August 21, 1972

Home Transfusions of Hemophiliacs

Author Affiliations

From the Division of Clinical Hematology, Department of Medicine, Michael Reese Hospital and Medical Center, Chicago. Dr. Rabiner is now with the Good Samaritan Hospital and Medical Center, Portland, Ore.

JAMA. 1972;221(8):885-887. doi:10.1001/jama.1972.03200210029007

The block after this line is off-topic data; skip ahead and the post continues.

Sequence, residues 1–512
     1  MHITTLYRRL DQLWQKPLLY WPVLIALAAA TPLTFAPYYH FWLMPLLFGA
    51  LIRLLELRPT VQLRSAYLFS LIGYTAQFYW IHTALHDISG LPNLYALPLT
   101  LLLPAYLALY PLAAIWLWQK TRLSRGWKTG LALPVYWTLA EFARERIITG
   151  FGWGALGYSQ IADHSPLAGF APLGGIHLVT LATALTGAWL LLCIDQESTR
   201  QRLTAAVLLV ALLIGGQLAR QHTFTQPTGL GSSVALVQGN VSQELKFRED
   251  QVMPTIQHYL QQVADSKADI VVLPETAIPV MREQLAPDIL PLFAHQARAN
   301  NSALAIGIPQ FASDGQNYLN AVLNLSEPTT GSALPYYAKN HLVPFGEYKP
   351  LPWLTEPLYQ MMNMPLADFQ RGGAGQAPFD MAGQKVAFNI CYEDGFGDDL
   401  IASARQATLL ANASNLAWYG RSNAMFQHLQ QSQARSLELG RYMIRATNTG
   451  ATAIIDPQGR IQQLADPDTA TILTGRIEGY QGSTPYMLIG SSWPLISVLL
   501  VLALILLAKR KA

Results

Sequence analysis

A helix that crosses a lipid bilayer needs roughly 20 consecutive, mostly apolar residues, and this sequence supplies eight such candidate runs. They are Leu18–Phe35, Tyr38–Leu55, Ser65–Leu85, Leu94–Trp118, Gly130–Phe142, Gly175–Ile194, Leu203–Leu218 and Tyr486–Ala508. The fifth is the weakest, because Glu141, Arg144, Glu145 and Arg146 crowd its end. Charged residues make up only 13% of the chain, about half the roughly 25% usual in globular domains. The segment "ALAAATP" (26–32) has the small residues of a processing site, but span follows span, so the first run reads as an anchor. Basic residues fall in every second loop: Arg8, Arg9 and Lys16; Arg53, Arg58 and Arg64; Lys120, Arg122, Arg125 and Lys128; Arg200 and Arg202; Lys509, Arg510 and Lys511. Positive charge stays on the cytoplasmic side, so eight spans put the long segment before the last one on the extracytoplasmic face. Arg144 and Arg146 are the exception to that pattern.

We have had three years' experience with a home transfusion program for hemophiliacs. The group consisted of 36 patients, of which 32 had antihemophilic factor deficiency and 4 had plasma thromboplastin component deficiency. There were minimal technical problems and no serious transfusion reactions. Although there was an increase in the number of reported hemorrhages, there was a concomitant decrease in the number of hospital admissions. Of importance is the fact that there was a decrease in the number of severe orthopedic problems and days lost from school or work. Of equal importance was the psychological impact of home transfusion on patients and their families. This included a sense of self-reliance, an increase in mobility, and freedom from fear. The authors conclude that, until a prophylactic regimen is feasible, home transfusion is the treatment of choice for hemophilia.